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Actors, Discourses and Interfaces of Rural Tourism Development at the Local Community Level in Slovenia

Nov 11, 2008
Year of publication2000
Author(s)Alenka Verbole
Number of pages110
JournalJournal of Sustainable Tourism
Magazine No.Volume: 8 Number: 6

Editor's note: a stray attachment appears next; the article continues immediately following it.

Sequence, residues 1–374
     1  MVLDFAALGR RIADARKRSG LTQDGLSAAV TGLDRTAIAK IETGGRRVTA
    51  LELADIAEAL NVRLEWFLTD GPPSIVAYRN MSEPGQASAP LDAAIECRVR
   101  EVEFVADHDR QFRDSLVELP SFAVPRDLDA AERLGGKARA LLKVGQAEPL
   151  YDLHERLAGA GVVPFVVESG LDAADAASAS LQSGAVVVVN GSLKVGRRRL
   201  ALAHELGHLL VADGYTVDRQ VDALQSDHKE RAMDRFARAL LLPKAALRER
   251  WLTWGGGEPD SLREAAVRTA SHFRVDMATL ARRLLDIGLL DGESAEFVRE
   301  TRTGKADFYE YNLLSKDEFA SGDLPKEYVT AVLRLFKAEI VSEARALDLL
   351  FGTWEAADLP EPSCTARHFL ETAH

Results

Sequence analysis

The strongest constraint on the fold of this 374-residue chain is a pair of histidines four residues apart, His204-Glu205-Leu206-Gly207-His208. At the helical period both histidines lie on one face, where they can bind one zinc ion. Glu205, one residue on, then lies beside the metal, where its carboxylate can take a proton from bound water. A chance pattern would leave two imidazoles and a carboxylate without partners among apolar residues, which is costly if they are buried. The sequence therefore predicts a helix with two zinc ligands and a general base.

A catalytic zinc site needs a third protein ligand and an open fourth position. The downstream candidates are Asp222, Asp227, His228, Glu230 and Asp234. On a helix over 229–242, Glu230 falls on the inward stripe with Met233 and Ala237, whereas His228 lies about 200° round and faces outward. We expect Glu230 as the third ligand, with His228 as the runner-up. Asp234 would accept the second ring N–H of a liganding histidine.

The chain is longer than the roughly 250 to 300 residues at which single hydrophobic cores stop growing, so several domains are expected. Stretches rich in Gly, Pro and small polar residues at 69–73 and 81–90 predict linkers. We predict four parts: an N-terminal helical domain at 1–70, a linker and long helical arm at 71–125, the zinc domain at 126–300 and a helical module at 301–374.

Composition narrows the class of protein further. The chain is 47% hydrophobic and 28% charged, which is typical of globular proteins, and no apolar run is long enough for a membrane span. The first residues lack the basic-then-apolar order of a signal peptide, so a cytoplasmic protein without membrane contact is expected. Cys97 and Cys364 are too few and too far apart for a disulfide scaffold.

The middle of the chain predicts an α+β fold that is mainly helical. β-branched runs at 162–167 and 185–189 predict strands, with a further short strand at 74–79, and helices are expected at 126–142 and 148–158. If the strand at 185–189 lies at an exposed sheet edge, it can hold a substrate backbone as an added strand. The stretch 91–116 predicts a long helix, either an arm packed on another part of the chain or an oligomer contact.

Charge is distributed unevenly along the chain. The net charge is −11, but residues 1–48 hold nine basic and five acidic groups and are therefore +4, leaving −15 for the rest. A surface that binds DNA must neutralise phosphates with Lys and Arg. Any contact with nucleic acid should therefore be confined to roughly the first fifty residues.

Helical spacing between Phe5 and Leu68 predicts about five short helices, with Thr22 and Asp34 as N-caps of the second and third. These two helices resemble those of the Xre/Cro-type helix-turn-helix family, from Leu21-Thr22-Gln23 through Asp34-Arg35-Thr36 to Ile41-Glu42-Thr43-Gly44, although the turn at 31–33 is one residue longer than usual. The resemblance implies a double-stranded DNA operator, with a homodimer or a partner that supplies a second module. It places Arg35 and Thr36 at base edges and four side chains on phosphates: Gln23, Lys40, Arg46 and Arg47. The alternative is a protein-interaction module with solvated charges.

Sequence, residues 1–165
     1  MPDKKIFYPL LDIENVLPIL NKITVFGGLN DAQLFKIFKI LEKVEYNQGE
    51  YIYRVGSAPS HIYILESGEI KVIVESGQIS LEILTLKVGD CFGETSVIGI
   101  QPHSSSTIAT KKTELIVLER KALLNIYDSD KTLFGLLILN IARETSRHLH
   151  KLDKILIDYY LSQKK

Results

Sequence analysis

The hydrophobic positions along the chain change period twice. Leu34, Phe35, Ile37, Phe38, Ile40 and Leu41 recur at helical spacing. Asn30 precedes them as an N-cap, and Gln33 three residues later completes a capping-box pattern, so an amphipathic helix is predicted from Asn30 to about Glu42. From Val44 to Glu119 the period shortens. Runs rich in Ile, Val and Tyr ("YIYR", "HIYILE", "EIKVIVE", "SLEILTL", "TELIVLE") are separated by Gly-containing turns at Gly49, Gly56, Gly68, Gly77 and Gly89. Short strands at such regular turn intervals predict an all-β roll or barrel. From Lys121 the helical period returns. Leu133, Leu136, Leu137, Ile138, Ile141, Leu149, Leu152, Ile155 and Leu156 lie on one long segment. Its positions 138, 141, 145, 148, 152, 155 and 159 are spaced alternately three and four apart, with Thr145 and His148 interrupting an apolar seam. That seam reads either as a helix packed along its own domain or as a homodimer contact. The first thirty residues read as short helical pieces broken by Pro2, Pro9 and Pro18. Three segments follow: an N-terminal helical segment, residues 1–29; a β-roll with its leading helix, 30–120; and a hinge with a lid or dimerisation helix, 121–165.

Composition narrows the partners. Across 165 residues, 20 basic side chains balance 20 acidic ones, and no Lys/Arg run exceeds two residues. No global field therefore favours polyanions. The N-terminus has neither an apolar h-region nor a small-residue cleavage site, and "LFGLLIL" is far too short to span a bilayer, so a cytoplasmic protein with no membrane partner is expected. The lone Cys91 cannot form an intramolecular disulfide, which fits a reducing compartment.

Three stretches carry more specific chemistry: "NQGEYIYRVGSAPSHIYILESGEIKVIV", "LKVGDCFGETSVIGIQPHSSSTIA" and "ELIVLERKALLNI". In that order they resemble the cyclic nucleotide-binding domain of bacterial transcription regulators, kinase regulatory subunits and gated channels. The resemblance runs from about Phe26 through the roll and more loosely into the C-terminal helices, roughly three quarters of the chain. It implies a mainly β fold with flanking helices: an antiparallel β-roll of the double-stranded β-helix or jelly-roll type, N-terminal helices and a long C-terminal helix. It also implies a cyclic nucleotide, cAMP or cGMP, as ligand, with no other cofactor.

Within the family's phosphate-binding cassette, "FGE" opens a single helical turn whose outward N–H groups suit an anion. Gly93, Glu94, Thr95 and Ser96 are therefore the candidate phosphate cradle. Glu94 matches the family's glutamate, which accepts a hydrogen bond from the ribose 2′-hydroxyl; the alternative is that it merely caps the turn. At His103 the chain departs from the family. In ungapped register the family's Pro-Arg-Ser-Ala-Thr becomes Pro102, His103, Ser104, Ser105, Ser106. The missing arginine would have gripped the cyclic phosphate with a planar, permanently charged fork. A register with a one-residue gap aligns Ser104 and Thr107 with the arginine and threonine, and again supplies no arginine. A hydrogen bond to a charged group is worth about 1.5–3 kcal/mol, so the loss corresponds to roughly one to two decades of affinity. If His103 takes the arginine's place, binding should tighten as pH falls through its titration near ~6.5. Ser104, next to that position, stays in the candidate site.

This study from Slovenia indicates that local communities are not necessarily homogeneous in terms of their resources, interests, needs and views on rural tourism development, and neither do they benefit equally from the development of tourism. In Pišece, a large segment of the population was indirectly involved in rural tourism development at a local level, while only a few local actors had direct influence over the ongoing process. Among them, there was the strong presence of the voluntary sector and the Catholic Church. The emergence of the latter reflected the change to a multi-party democratic system of government and the liberalisation of culture, suggesting that, in the future, new players in the local community development process will have to be reckoned with. Furthermore, it was observed that local social groups, such as family clans, networks and cliques, were very important in obtaining and controlling access to the decision-making process. It was through the family clans, networks and cliques that various local actors become involved in strategies to promote, control, reshape and make the most of the internal and external interventions. The family clans were built explicitly on kinship ties, while the local networks and cliques were built using other resources, such as religious orientation, political affiliation, value systems and links to actors in positions of power in the local community and to external actors. These factors, importantly, influenced the exclusion and inclusion of actors from certain networks and cliques, thus the rural tourism development process was dominated by the struggles between the various groups and ended in a stalemate position with no winners and no ‘sustainable development’. However, the stalemate is only a temporary situation in the development process. As argued earlier, rural tourism development is a dynamic and ongoing process, socially constructed and negotiated. Actors constantly redefine it through their social actions and inter-relationships. They may modify their views and interests while new actors may enter the process to accelerate rural tourism development, resulting in the emergence of new power relationships and the construction of new values and interests. Developing and evaluating ‘sustainable rural tourism development’ does not happen in a vacuum, as it is embedded in a given social, political and historical context. Studies of tourism development carried out in a specific local context can contribute greatly to (a) an understanding of how the many aspects of the development process are negotiated at the local as well as the national level; and (b) to the actual development of tourism that can benefit local communities.